An absolutely fascinating translation & commentary on a group of Old Testament books that I had not previously associated with one another. Job, of course, is familiar to most Jews and Christians although I suspect we have only sketchy memories of the tale. Many Proverbs are familiar, often as moral precepts whose source we may not recall. And Ecclesiastes, or Qohelet as it is called here, is best known for Chapter 3 which begins "Everything has a season..." popularized in folk music and a frequent funeral theme. This new translation explains in detailed footnotes Alter's reasons for selecting one source text or another (or a combination), one word or translation of a word or another. Alter then offers an interpretation of / commentary on almost every verse in each book as well as comparing and contrasting the dominant themes of each. I will confess that I occasionally dared to disagree with an interpretation because it seemed to me that Alter was over-thinking the passage. Regardless of these rare differences I found this to be an engaging and inspiring work. ( )
  amac121212 | Aug 22, 2011 |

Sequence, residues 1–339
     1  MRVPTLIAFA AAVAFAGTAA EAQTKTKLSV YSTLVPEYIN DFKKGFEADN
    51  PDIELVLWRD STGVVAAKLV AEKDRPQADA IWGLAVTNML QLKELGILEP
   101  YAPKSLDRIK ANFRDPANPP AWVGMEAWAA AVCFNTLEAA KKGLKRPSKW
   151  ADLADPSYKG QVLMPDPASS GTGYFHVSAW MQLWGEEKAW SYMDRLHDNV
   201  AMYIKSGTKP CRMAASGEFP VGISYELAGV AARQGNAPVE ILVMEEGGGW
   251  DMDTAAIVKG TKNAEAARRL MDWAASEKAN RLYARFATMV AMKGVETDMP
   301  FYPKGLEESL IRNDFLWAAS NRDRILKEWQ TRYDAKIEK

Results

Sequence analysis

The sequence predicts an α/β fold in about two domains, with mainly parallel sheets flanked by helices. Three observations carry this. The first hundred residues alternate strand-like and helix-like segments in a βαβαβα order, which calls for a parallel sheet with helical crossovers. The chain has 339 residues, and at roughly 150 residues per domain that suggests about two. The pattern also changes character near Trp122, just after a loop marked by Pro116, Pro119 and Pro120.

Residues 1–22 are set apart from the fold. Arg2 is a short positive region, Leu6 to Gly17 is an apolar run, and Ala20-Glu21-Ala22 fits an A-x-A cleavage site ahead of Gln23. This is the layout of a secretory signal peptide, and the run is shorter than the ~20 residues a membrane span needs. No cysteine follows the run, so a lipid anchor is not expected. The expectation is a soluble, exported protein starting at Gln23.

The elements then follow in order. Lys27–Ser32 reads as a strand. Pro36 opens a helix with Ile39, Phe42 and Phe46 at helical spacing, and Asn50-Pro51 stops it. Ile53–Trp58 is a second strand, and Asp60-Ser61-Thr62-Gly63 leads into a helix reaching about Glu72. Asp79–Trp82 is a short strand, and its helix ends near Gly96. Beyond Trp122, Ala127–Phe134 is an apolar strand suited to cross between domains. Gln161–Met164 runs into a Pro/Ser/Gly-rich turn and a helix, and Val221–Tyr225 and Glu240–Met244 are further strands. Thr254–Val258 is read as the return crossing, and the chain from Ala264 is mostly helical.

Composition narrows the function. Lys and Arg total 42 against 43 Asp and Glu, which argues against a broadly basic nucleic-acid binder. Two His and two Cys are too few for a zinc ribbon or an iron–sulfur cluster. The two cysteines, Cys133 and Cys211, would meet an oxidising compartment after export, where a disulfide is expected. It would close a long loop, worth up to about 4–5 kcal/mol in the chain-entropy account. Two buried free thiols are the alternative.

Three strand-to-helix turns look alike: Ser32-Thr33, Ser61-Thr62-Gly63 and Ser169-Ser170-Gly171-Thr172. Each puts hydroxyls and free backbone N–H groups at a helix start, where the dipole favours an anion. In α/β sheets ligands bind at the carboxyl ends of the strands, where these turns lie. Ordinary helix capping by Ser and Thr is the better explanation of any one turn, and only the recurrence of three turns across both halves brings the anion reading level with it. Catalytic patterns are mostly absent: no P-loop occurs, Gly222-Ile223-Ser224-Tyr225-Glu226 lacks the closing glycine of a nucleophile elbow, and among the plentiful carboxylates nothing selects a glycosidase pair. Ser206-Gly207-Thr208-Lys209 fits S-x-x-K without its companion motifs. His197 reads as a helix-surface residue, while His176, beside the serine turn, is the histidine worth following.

"Wisdom literature is as close as the ancient Near East came to Greek philosophy, which was nearly contemporaneous with the latest Wisdom texts of the Hebrew Bible. It shares with Greek philosophy an inquiry into values and a disposition to reflect on the human condition, but it lacks both the purely theoretical and the systematic impulses of the Greek thinkers. Ethical issues are raised, but there is no real ontology, epistemology, anthropology, or metaphysics, and much of the thrust of Near Eastern Wisdom is pragmatic and even explicitly didactic. Job, for all its profundity, is a theological rather than a philosophic text. Its author is God-obsessed and never wonders or speculates about God's existence but rather expresses his outrage at the spectacular injustice of a world governed by a purportedly just God. Qohelet [Ecclesiastes], concerned as it is with the structure of reality and how ephemeral human life is locked into that structure, is close to a genuinely philosophic work, though it articulates its philosophy through incantatory language and haunting imagery rather than through systematic thought." location 265